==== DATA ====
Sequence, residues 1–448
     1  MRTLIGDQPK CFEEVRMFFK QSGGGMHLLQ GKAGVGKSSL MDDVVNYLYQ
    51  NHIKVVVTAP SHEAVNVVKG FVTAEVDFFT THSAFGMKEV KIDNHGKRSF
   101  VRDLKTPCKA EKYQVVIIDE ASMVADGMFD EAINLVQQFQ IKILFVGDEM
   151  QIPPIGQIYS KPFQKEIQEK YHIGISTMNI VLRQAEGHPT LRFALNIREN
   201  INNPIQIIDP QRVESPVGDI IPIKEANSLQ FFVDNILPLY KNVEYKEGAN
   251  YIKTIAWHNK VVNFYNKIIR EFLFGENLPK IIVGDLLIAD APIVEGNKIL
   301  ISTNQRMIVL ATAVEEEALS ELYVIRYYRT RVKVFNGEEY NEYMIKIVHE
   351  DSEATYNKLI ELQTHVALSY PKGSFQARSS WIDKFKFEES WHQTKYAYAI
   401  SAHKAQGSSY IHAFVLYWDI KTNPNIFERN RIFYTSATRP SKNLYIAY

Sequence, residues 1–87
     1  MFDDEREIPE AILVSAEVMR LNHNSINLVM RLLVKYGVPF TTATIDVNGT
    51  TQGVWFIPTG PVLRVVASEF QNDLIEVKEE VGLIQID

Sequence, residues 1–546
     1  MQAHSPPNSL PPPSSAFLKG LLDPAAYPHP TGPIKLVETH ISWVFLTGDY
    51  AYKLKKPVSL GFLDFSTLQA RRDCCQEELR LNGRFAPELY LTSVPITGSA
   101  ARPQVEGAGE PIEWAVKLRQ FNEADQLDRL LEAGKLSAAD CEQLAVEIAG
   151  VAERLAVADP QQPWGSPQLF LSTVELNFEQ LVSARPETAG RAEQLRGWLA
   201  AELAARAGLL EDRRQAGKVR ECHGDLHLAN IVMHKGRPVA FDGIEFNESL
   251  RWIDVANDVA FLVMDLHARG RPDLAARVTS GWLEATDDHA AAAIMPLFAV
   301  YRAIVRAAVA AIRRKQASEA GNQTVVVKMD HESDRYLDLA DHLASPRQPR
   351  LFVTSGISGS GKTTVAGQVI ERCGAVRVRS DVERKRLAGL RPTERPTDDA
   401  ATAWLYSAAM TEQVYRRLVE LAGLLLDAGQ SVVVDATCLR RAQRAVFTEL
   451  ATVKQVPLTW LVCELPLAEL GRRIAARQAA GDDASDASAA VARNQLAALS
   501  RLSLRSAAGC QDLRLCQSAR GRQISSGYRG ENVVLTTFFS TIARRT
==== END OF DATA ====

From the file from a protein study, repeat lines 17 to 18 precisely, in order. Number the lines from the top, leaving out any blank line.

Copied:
   101  ARPQVEGAGE PIEWAVKLRQ FNEADQLDRL LEAGKLSAAD CEQLAVEIAG
   151  VAERLAVADP QQPWGSPQLF LSTVELNFEQ LVSARPETAG RAEQLRGWLA